A lot, it turns out...
For as long as I can remember I have been fascinated by Orcinus Orca, the Killer Whale. Its size, grace and intelligence make it the ocean's most fearsome and effective hunter. But more than that, it is the sophistication, versatility and width of this oceanic dolphin's hunting strategies that make it a particularly fascinating subject. When I look at the business environment around us and the VUCA world we live in, it seems to me that "Orca Behaviours" may well be the difference between eating and being eaten.
#1 Orca Behaviour: Opportunistic Hunting
One of the unexpected consequences of global warming takes place every summer in a place called Baffin Bay, in the North Atlantic. The Narwhal is a species of whale native to the area and the summer is typically spent raising the young in the protected bay. They are safe there because the Arctic pack ice is dense and keeps away the Orca, their only known ocean predator. But in recent years, the dense sea ice is diminishing due to global warming and the opportunistic Orca have figured out a path into Baffin Bay where they are hunting down the hapless Narwhal in massive numbers.
Companies that behave like the Orca always figure a way to get to new hunting grounds when most others are still fighting over scraps in the old ones. Everybody in the Comms business wants in on the e-commerce action, but the smart people at one Agency figured out, long before others, that the hunting ground wasn't in the traditional places you'd expect it to be. It was in the offices of the big VC firms. And building strong relationships with them was critical because they often advise their portfolio companies on the choice of agency. Boom! That agency today has a disproportionately high share of the e-commerce advertising business.
#2 Orca Behaviour: Adaptive Hunting Strategies
The reason Orca are geographically well distributed is because they are extremely adaptive hunters, deploying very different strategies depending on location and prey. In the Californian Pacific, when hunting for grey whale calves, the Orca crash land on top of the blowhole of the calf to prevent it from breathing and ultimately drown it. The New Zealand Orca have a taste for Rays and they have figured out that flipping them upside down causes the Rays to enter a catatonic, immobile state, making them easy prey. In Argentina, the killer whales hunt seals frolicking on the beach by literally launching themselves out of the water onto the land.
The principal reason for the decline of the agency business is the steadfast refusal to adapt. One of the more baffling examples of this mindset is the average agency's desire to only do "first-class business in a first-class way" (as David Ogilvy termed it). In a country like ours where the Micro, Small and Medium Enterprise (MSME) sector contributes to 8 per cent of the GDP and 45 per cent of industrial output, it seems downright irresponsible to have not adapted quickly and well enough to create a different growth strategy for this segment. I remain convinced that the Agency that is able to re-frame their "big client, big city" business model, will be a future Orca.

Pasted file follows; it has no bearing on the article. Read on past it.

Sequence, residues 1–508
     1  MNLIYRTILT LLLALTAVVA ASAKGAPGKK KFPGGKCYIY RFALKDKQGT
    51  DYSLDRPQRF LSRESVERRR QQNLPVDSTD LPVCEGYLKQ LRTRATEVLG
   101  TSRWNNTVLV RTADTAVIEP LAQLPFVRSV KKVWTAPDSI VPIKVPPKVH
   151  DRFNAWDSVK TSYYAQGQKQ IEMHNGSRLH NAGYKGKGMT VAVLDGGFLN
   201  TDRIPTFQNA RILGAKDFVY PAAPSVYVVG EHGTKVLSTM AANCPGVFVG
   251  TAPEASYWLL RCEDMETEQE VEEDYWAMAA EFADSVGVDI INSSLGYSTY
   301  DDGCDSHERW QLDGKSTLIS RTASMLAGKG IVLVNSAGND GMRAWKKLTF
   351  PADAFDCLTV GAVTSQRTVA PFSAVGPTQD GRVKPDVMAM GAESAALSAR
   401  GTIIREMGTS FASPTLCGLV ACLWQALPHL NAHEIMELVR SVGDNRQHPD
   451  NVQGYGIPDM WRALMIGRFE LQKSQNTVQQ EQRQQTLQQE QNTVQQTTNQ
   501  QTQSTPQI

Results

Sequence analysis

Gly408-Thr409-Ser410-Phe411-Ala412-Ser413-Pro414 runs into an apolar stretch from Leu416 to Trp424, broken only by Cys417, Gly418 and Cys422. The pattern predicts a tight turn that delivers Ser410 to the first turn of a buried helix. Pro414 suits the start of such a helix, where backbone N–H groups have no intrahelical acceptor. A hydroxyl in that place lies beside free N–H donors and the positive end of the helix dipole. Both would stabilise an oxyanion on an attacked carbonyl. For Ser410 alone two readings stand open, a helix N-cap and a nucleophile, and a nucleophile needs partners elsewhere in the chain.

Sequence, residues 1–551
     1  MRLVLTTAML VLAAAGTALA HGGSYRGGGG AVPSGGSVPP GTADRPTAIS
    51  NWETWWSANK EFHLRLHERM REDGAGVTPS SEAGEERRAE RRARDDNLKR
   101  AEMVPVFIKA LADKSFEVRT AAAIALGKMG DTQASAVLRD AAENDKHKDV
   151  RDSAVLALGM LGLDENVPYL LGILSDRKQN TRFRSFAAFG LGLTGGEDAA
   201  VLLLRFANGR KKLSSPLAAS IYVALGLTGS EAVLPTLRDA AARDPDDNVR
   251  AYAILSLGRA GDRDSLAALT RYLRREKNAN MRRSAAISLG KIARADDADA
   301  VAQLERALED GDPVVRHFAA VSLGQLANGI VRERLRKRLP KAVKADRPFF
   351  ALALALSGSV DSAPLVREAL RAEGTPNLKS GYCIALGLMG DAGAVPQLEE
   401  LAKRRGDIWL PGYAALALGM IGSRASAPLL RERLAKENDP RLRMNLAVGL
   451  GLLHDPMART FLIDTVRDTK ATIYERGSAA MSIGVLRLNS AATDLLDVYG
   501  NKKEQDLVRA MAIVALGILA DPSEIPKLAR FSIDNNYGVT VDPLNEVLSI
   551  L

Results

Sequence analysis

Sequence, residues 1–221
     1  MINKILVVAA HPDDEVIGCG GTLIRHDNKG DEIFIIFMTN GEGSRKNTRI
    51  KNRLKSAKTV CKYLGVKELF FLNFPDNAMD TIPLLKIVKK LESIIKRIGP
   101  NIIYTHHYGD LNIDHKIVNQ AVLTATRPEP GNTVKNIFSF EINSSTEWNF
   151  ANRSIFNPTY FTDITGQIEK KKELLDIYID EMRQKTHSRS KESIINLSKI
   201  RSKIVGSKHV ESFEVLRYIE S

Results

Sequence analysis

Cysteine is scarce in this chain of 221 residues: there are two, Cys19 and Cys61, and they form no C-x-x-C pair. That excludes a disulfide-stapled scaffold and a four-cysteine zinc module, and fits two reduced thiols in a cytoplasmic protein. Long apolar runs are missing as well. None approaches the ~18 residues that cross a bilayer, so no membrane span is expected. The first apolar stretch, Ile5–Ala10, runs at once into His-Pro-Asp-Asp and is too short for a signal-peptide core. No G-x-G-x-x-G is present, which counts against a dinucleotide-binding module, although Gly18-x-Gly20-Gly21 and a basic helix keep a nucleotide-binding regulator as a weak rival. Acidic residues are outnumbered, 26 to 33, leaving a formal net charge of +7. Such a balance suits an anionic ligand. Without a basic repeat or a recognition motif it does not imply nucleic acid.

#3 Orca Behaviour: Pod Hunting
Most marine scientists will tell you that while Orca are large and intelligent, the real reason why they are such successful hunters is their capacity for complex teamwork. One of the most stunning examples of Orca hunting is a technique they use to catch seal called "Floe tipping". Working in perfect harmony, the pod isolates the seal on an ice floe and then creates large waves that destabilise and crack the floe, causing the seal to be washed into the ocean. Now here is the kicker and the reason I am a fan of "Orca Behaviour" - in a documented case, a pod succeeds in dislodging the seal off the floe and into the ocean. But, an adult female puts the seal, unhurt, back on the floe so the youngsters in the pod can have a go at hunting (Training and Development, anyone).
I have never understood why agencies create "Business Development" teams. Business growth has to be an organisation wide responsibility and it is the job of the CEO to make sure new business is everyone's business. Creating siloed growth teams means the rest of the organisation does not learn how to hunt. Which in turn means the organisation does not pass on the learning or the skills acquired from hunting to as wide a set of people as possible or indeed, to the youngest members of the team.
(The author is the founder of 'The New Business', a business acquisition service for communication agencies)